Page 1:Entry-Level Sandy Bridge
Page 2:CPU And Cooler
Page 3:Motherboard And Memory
Page 4:Graphics Card And Hard Drive
Page 5:Case, Power Supply, And Optical Drive
Page 6:Assembly And Overclocking
Page 7:Test System Configuration And Benchmarks
Page 8:Benchmark Results: Crysis And Just Cause 2
Page 9:Benchmark Results: F1 2010 And Metro 2033
Page 10:Benchmark Results: Audio And Video
Page 11:Benchmark Results: Productivity
Page 12:Benchmark Results: Synthetics
Page 13:Power Consumption And Temperatures
Page 14:Performance Summary, Efficiency, And Conclusion
Performance Summary, Efficiency, And Conclusion
We're summarizing this quarter's performance and efficiency levels by using last quarter's stock $500 configuration as our baseline.
Strictly going by the averages, our stock June 2011 PC takes an easy victory in both the gaming and A/V suites. It even ekes out a narrow victory in the productivity testing. Averages are a little deceiving though, as huge victories in WinZip and WinRAR mask some sizable losses in other workloads. In most of our productivity-oriented applications, the Core i3-2100’s two logical cores are simply no match for the Phenom II’s four physical cores.
The March PC's sell gets even more compelling when you consider that machine was overclockable and this one isn't. Additional clock rate effectively erases most of that system's gaming and encoding deficit.
Had we seen the same overclock from last quarter’s Radeon HD 6850, increasing high-resolution gaming performance by a little bit, we would probably need to call overall system performance a wash.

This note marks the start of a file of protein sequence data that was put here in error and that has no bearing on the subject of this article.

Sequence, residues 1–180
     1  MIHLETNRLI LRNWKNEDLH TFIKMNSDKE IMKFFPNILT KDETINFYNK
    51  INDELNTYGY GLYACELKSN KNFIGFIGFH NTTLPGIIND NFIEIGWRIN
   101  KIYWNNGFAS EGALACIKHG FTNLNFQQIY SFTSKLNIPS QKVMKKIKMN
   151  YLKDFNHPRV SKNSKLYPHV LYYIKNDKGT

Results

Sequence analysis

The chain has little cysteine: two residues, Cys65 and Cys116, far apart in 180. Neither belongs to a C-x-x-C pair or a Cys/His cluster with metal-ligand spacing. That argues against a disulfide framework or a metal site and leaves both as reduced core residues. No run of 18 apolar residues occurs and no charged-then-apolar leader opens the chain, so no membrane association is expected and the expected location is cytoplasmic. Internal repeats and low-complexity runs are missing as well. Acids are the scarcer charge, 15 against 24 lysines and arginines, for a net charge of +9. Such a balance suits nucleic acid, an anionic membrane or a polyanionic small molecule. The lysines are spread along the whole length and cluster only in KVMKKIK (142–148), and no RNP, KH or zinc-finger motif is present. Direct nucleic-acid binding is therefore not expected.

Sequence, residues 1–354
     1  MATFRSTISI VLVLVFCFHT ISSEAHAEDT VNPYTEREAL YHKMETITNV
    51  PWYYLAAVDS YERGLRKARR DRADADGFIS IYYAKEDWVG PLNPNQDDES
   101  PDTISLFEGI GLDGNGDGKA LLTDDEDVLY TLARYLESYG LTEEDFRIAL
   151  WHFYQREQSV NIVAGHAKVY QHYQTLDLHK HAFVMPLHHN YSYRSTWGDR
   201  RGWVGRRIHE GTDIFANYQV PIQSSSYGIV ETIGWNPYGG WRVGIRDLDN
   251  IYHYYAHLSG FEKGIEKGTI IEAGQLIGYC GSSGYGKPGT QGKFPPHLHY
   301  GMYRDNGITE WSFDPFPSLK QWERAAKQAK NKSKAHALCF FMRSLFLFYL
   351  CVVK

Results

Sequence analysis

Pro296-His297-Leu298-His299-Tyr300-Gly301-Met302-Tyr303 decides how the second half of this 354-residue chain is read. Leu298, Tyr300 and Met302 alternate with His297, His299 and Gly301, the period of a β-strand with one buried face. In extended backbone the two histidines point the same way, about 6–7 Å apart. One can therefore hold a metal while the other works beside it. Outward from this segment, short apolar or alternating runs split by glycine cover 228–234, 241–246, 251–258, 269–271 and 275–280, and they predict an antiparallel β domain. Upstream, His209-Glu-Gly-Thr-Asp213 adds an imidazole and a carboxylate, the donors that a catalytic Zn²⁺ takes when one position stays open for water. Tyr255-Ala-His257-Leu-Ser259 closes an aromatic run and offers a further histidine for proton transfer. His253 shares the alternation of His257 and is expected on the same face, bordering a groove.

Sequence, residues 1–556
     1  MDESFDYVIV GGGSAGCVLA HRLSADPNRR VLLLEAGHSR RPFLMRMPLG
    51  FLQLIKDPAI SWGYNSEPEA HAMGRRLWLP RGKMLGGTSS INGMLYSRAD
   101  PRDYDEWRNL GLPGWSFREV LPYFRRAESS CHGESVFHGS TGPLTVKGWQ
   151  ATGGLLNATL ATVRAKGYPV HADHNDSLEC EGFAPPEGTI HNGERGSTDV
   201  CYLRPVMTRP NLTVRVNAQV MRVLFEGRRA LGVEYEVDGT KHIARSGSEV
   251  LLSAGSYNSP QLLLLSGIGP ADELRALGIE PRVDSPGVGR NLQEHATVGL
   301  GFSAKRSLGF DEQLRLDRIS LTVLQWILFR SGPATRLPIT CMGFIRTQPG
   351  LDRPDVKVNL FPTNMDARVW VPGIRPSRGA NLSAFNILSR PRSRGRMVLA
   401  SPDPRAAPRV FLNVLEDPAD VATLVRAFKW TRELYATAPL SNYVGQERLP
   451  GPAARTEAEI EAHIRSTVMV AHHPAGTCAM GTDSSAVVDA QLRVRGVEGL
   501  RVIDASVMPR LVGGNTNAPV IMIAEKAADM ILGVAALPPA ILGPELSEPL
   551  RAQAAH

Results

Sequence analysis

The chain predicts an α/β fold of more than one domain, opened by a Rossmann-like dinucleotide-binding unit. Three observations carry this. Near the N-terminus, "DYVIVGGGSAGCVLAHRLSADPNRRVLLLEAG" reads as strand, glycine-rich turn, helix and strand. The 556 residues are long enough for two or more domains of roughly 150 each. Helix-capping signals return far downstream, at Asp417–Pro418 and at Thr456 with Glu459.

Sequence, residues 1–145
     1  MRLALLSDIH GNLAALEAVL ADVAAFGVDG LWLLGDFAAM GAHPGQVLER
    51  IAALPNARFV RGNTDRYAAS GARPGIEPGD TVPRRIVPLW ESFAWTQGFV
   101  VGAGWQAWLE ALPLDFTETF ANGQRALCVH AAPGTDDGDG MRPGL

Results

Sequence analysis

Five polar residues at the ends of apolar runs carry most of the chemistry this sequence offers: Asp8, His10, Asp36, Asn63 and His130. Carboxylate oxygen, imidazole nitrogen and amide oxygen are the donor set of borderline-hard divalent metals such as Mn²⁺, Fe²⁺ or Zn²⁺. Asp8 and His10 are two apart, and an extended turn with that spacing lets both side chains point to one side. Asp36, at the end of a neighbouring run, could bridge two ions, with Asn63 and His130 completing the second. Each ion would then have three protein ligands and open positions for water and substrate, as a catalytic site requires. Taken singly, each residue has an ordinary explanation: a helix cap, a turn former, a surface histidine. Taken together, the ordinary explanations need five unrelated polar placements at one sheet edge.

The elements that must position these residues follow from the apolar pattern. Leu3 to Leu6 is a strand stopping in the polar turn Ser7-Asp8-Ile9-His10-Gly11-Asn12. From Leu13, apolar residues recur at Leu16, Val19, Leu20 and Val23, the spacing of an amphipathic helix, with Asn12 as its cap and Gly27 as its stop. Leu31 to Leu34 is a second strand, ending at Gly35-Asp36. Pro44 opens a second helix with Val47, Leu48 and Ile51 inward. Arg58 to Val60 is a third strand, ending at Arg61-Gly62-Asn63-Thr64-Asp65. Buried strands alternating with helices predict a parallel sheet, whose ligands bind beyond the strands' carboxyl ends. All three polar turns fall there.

More impressive than a victory in performance is the June PC’s super-low power consumption and decisively increased efficiency.
This current PC has a lot of pluses. At or near $500, it offers the best stock performance, the best gaming performance, and by far the best efficiency of any of our value builds in the SBM series to date. Yet, it is still somewhat hard to justify Intel's Sandy Bridge architecture at this price point knowing how the company handicapped its entry-level parts, especially for a System Builder Marathon machine aimed at more than just gaming. We can’t help but envy the motherboard selection, PCI Express connectivity, and unlocked “K-series” chips available to slightly higher budgets.
While skimping on motherboard features was necessary to accomplish our goals, that isn't as large of a strike against this system as it might seem. We had zero issues with our board; it was stable as a rock. But while an extra $20 was too rich at the time of our order, anyone looking into building a rig like ours might want to consider the now similarly-priced ASRock H61M/U3S3 as a far more feature-rich alternative.
The June 2011 $500 Gaming PC is right for some, but not for all, and I’m expecting the comments section to reflect this. If you are purely a gamer, do not overclock, or are just drawn towards a high level of efficiency, then this build is just your ticket. But the real deal-breaker in my eyes is aggressive pricing on AMD's Phenom II X4 955 BE processor that has cropped up since our order date. Available for a measly $113, it’s just too attractive to ignore. And the fact that the entry-level Sandy Bridge-based chips are so limited in their flexibility doesn't help.
The Phenom II is still a capable gaming CPU. It’s cheaper, quicker at completing most of our threaded productivity workloads, and it also provides the friendliness towards overclocking that enthusiasts seem to want, regardless of stock performance.
- Entry-Level Sandy Bridge
- CPU And Cooler
- Motherboard And Memory
- Graphics Card And Hard Drive
- Case, Power Supply, And Optical Drive
- Assembly And Overclocking
- Test System Configuration And Benchmarks
- Benchmark Results: Crysis And Just Cause 2
- Benchmark Results: F1 2010 And Metro 2033
- Benchmark Results: Audio And Video
- Benchmark Results: Productivity
- Benchmark Results: Synthetics
- Power Consumption And Temperatures
- Performance Summary, Efficiency, And Conclusion